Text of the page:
When he was champion, he did a lot of training in San Francisco, and in Alameda on the beach. They had championship fights in San Francisco in those days, in clubs. But in 1914, boxing was banned in California. In the 1920's, it was limited to four rounds. Any fight here was sort of an exhibition.
They had fights every week at the Oakland Auditorium. And in San Francisco, they held them at the corner of Post and Steiner. I watched "Young Jack" Thompson fight there. He was a black man who became the welterweight champion in 1930.(1)
From 1931 to 1936 Lew Savin, a boxer, fought 25 times at Dreamland. Joe Rondon, a light heavyweight, fought there 22 times.
Boxing at Dreamland
Dreamland-roller skating

On February 26, 1931, Paul Robeson gave a concert of Negro spirituals, accompanied by Lawrence Brown, at Dreamland Auditorium, San Francisco. Paul Robeson used his deep baritone voice to promote black spirituals, to share the cultures of other countries and to benefit the social movements of his time.  He sang for peace and justice in 25 languages throughout the United States, Europe, the Soviet Union and the Third World. He rose to prominence in a time when segregation was legal in America and black people were being lynched by white mobs, especially in the South.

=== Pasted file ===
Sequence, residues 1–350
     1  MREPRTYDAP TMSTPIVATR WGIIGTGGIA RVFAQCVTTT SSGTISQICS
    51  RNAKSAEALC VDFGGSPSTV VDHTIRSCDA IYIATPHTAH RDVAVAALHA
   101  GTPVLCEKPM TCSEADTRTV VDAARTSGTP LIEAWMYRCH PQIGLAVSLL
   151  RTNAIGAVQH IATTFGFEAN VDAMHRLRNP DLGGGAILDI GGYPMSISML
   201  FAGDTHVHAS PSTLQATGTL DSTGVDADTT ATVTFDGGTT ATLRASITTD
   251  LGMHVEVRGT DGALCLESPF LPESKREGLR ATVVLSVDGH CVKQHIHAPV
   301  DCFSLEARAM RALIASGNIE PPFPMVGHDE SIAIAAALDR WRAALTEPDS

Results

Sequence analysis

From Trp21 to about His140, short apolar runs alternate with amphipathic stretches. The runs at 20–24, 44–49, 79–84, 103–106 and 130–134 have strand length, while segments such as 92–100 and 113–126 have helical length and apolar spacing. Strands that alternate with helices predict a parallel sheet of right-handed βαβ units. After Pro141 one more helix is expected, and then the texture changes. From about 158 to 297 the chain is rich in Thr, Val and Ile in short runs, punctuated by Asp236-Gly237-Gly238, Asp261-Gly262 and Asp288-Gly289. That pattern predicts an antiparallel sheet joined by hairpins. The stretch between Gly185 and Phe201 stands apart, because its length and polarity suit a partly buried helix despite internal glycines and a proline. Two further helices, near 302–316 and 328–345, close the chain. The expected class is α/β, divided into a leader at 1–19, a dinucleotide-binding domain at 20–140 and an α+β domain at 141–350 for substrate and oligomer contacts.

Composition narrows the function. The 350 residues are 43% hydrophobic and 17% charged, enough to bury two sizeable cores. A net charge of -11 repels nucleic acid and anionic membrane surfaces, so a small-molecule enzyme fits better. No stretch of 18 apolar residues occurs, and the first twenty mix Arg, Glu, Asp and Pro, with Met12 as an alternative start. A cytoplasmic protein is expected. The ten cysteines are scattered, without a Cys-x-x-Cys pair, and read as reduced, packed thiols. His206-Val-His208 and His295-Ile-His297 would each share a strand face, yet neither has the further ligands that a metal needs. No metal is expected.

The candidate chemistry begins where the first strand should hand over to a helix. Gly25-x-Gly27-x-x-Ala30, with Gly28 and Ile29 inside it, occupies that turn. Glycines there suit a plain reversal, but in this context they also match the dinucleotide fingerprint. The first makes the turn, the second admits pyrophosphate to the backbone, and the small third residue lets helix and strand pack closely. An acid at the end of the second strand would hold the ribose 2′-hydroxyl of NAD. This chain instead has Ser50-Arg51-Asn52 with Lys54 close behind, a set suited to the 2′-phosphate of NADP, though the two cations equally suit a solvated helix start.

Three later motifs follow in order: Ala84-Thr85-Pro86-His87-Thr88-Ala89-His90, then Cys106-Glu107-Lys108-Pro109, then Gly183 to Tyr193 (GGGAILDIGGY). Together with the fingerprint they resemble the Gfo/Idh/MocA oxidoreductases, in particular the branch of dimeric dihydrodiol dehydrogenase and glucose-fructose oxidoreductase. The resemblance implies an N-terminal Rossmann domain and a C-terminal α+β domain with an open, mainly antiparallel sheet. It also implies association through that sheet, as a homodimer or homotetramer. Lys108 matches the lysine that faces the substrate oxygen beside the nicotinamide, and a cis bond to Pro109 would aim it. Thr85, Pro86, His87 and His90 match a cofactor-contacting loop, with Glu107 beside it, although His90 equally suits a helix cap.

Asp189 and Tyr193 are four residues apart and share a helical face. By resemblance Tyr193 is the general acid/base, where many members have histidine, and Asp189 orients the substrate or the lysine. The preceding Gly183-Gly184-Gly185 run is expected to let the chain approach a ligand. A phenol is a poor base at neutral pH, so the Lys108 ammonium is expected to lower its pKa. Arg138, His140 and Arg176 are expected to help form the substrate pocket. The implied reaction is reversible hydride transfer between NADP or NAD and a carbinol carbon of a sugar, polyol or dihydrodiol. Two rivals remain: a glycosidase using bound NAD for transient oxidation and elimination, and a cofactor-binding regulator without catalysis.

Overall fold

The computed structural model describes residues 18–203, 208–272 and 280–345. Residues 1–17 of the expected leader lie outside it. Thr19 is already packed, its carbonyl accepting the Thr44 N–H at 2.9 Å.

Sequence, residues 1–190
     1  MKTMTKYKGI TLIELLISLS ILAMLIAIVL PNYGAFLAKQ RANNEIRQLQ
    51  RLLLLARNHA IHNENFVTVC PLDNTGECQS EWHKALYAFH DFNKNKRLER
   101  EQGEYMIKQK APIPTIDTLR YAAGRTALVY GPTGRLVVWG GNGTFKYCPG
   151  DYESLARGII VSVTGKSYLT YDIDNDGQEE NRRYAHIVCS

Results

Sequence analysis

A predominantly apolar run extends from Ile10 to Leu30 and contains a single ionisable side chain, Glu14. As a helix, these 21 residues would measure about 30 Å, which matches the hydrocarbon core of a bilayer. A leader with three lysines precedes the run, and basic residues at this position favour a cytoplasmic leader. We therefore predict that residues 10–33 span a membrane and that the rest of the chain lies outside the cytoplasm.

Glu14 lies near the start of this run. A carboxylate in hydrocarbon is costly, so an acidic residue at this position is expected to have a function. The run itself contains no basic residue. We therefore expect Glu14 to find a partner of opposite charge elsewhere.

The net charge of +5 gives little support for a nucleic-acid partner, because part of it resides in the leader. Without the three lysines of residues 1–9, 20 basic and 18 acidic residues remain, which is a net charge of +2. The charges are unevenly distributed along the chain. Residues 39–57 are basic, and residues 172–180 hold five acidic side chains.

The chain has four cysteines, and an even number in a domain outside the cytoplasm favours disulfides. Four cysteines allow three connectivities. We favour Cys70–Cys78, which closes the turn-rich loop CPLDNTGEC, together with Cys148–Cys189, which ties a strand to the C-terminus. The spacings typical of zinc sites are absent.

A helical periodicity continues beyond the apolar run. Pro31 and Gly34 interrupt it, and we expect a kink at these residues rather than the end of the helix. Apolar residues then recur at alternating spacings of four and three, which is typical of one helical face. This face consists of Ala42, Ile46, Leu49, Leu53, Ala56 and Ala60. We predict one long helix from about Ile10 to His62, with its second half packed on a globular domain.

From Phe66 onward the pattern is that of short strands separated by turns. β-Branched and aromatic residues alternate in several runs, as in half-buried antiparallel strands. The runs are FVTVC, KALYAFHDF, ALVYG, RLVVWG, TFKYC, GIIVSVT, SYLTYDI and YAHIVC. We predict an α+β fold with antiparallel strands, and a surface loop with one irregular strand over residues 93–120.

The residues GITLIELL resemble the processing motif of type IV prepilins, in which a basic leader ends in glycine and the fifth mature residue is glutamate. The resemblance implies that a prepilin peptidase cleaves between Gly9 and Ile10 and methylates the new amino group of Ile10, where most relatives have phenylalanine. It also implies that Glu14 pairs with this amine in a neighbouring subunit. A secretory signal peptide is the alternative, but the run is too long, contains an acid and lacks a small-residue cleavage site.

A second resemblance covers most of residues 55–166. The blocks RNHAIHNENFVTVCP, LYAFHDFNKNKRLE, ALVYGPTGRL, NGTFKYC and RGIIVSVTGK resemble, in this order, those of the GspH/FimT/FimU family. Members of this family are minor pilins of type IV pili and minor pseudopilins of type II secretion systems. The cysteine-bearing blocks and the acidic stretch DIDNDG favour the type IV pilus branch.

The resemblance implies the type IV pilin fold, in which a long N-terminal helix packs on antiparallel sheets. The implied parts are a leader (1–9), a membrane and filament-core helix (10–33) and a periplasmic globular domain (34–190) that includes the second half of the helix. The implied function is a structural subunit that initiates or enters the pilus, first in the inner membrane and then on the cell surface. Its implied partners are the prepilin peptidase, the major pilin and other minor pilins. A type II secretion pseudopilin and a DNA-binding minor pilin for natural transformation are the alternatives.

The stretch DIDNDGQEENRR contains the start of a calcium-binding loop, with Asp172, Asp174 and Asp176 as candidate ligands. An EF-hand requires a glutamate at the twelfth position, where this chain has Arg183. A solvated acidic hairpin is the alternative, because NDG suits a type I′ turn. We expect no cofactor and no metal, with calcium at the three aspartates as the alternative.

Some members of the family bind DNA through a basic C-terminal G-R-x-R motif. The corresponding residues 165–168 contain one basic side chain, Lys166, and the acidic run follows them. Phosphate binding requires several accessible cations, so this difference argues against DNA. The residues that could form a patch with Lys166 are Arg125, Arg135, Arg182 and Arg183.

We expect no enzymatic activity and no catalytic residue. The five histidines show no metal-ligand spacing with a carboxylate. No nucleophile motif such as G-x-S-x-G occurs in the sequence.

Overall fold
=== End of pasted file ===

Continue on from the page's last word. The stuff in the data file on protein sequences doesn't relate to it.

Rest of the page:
On March 8, 1931, Ignacy Paderewski performed Variations and Fugue on a theme by Haendel.
San Jose Mercury News, November 8, 1932

On May 28, 1937, the Golden Gate Bridge opened and Dreamland had the Industrial and Manufacturers Exposition, showing off new California products.

Wrestling matches were held at Dreamland from January 4, 1938 to September 27, 1938.(4).
Jerry Flamm's book "Hometown San Francisco" describes Dreamland in great detail.

Sometime after 1938, the name was changed to Winterland. In its early years it served as an ice skating rink that could be converted to an entertainment venue. Early acts/shows at Winterland included Shipstad and Johnson's Ice Follies. It also was host to opera, boxing, and tennis.
1941, the balcony is closed off by the scenery.

Winterland (an ice-skating arena and home of the Ice Follies) stood out like a very large, very sore thumb in its rundown San Francisco neighborhood: a great, hulking thing of no particular architectural distinction.